What Do Unions Do About Appearance Codes?

23 Pages Posted: 21 Dec 2006 Last revised: 17 Sep 2015

See all articles by Michael J. Yelnosky

Michael J. Yelnosky

Roger Williams University School of Law

Date Written: 2007


In this contribution to a symposium on Makeup, Identity Performance, and Discrimination, I explore the role of labor law and the enforcement of collective bargaining agreements in limiting employer discretion to impose appearance codes that employees find objectionable.

My survey of that body of law reveals that it offers covered employees substantial protection from the imposition of appearance codes, and perhaps more protection than any other stautory or common law regulation. However, a closer inspection reveals substantial gaps in that protection. For example, a decreasing percentage of American workers are unionized. Moreover, even among those who are, because unions are majoritarian institutions, they are often not faithful agents for employees asserting positions not shared by the majority, such as, for example, the right to dress at work in a way that does not conform to gender stereotypes.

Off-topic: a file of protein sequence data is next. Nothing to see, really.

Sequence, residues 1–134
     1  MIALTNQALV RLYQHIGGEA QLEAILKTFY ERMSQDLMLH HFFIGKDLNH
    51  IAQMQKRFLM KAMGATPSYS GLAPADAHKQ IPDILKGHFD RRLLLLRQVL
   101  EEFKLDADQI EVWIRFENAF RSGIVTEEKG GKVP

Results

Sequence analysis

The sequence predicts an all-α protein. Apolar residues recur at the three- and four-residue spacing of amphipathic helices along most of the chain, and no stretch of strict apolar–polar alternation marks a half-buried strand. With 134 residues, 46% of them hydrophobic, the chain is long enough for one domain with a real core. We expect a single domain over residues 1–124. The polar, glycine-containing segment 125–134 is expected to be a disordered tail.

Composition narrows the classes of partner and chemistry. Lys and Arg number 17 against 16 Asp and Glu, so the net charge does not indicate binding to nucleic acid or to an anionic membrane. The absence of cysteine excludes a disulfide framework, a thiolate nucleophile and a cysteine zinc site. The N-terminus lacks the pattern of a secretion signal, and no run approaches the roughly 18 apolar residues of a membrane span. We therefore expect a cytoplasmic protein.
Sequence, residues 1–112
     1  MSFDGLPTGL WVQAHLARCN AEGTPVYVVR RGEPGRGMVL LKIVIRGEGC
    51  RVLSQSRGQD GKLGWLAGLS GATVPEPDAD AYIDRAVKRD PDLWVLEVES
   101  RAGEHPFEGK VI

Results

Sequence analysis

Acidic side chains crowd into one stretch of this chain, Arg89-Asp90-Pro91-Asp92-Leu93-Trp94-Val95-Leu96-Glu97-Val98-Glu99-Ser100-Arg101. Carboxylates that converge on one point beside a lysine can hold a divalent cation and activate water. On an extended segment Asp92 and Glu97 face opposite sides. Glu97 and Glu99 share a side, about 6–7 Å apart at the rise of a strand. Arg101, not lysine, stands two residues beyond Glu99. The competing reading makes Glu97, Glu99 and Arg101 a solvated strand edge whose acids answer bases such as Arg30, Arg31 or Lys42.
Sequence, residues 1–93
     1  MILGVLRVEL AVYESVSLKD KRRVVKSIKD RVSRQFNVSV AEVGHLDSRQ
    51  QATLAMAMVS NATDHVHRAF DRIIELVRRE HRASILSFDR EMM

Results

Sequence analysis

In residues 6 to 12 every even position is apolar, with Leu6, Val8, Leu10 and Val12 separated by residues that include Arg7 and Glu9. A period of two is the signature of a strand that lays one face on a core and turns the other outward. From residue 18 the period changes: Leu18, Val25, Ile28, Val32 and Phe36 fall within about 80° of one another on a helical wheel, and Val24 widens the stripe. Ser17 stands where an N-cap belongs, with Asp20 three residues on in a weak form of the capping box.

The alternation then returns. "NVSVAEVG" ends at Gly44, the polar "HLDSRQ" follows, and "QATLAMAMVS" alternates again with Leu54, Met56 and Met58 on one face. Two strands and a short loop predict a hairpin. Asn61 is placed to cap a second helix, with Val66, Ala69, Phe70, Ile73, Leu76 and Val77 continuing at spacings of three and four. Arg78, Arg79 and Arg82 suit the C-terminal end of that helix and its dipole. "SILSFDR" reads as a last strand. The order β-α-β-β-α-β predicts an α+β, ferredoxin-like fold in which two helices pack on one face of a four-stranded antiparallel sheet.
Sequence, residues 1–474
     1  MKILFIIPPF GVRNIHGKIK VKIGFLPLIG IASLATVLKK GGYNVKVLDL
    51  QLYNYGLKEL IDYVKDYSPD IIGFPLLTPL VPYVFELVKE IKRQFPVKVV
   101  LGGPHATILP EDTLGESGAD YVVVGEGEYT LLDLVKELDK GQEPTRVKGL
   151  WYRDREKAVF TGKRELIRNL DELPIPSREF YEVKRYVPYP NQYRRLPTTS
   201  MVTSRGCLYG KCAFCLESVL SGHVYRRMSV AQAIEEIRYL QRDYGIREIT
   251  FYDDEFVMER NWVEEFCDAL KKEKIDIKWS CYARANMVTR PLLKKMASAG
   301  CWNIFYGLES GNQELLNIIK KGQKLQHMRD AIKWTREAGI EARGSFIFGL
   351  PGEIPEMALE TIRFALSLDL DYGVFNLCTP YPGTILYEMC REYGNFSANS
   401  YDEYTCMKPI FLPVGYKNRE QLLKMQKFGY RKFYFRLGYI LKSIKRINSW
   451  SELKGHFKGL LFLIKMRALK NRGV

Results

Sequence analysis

Nevertheless, on balance labor law should be a serious subject of study for those who aim to increase employee agency in appearance. Unions have a strong track record of helping employees retain some measure of workplace autonomy -- an objective consistent with resisting unduly restrictive appearance codes. The paper concludes with some examples.

Keywords: Labor Law, Employment Discrimination, Grooming and Appearance Standards

Suggested Citation

Yelnosky, Michael J., What Do Unions Do About Appearance Codes? (2007). Duke Journal of Gender Law & Policy, Vol. 14, Pg. 521, 2007, Roger Williams Univ. Legal Studies Paper No. 39, Available at SSRN: https://ssrn.com/abstract=953018

Michael J. Yelnosky (Contact Author)

Roger Williams University School of Law ( email )

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